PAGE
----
While government departments generally make the previous government’s news releases available on their websites there is no pointer on the prime minister’s website to archived news releases from any of his predecessors.

A check of an Internet Archive version of Stephen Harper’s prime ministerial website after he took power in 2006 does not include press releases from his predecessors. It is not known if requests were made at the time to remove his predecessor’s web pages from Google search results.

Conservative MP Candice Bergen, who tabled the order paper question asking about government requests to have material removed from search results, said she was “shocked” to learn the government had removed the pages related to Harper’s time in office from Google search results.

“Regardless of what somebody might think of Stephen Harper, Stephen Harper served the Canadian public as a member of parliament and then as prime minister for over 10 years.”

Bergen described the move as “Orwellian” and “censorship”, adding it was “sneaky”, “petty” and “not transparent.”

Bergen said she wants to know who decided to request the Harper pages be removed from search results and whether there was political direction behind the move.

Fox could not explain why some of the requests to Google to remove Harper era websites from search results were made in November at the time of the transition and dozens of others were only made in January.

Green Party Leader Elizabeth May was critical of the decision to remove Harper’s web pages from search results.

“I don’t think that’s appropriate. There’s a new government and I think people who want to google things in our past should be able to google things in our past.”

Source: Un-Googled: Trudeau government had Harper web pages removed from search results

Antisemitism watchdog adds (((echo))) symbol to hate list after Jews targeted: The Guardian

Appropriate reaction by Google:

US antisemitism watchdog, the Anti-Defamation League, has added the “(((echo)))” symbol, used online by white supremacists to single out Jews, to its online database of hate symbols.

The group’s decision comes days after Google removed a Chrome extension that was being used by antisemites to add triple parentheses around the names of prominent Jewish public figures including Michael Bloomberg and New York Times journalist Jonathan Weisman.

“The echo symbol is the online equivalent of tagging a building with antisemites graffiti or taunting someone verbally,” said Jonathan Greenblatt, ADL’s chief executive. “We at ADL take this manifestation of online hate seriously, and that’s why we’re adding this symbol to our database and working with our partners in the tech industry to investigate this phenomenon more deeply.”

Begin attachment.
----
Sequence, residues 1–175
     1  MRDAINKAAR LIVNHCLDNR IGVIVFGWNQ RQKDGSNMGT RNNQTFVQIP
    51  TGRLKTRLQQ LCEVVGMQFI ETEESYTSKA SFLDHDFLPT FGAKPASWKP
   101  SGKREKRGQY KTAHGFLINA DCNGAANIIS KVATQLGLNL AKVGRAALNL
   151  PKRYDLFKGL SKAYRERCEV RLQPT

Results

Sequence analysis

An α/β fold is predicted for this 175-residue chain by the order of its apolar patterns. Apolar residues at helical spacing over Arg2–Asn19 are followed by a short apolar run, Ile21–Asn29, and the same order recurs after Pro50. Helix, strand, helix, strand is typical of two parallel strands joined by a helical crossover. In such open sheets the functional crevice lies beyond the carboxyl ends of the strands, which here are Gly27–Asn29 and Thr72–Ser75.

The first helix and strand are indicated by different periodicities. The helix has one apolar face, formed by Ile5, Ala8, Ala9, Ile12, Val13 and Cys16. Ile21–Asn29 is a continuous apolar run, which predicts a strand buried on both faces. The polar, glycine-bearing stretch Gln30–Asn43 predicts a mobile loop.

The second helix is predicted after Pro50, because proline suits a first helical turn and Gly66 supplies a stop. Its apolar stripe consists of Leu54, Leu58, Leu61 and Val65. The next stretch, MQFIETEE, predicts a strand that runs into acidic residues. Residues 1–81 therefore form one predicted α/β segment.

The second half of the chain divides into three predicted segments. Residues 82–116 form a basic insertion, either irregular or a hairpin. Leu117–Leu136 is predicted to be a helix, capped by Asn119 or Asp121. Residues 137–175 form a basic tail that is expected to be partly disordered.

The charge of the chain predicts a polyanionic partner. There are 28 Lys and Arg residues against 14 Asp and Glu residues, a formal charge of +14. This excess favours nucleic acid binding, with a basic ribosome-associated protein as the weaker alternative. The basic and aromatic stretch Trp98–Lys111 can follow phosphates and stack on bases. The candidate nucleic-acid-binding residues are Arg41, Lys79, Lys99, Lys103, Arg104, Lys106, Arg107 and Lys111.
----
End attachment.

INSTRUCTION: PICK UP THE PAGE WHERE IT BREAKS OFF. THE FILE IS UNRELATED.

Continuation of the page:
The intersection of old-fashioned white supremacy and antisemitism with tech-savvy online groups centred around websites such as 4chan and Reddit has given rise to a movement loosely termed the “alt-right”. The echo symbol is just the latest artefact of that group’s thinking to burst into the mainstream, thanks largely to an article in late May from the NYT’s Weisman highlighting its use.

Weisman linked the antisemitism on display with the professed political support of those abusing him: the Twitter user who referred to him as “((Weisman))” went by the handle @CyberTrump.

But the denigration of Jews online extends beyond the Trump supporters highlighted by Weisman. An investigation by Mic revealed how widespread the symbol’s use has become, largely below the radar of the mainstream.

“To the public, the symbol is not easily searchable on most sites and social networks; search engines strip punctuation from results,” wrote the publication’s reporters, Cooper Fleishman and Anthony Smith. “This means that trolls committed to uncovering, labelling and harassing Jewish users can do so in relative obscurity: No one can search those threats to find who’s sending them.”

The pair trace the origins of the symbol back to far right blog Right Stuff. “In Right Stuff propaganda, you’ll often read that Jewish names ‘echo’. According to the blog’s lexicon page, ‘all Jewish surnames echo throughout history’. In other words, the supposed damage caused by Jewish people reverberates from decade to decade.” The parentheses are used to imply that same echo textually.

While many antisemites simply write out Jewish names with the parentheses manually, using it as a deliberate taunt, there was also a popular Chromeextension that automated the function. Named “Coincidence Detector” – a sarcastic reflection of the anti-semitic conspiracy that Jews control the media – it automatically flagged up common Jewish surnames to anyone who installed it.

Google removed Coincidence Detector on Thursday, citing terms and conditions that prohibit “promotions of hate or incitement of violence”, shortly after Mic wrote about the extension.

Source: Antisemitism watchdog adds (((echo))) symbol to hate list after Jews targeted | Technology | The Guardian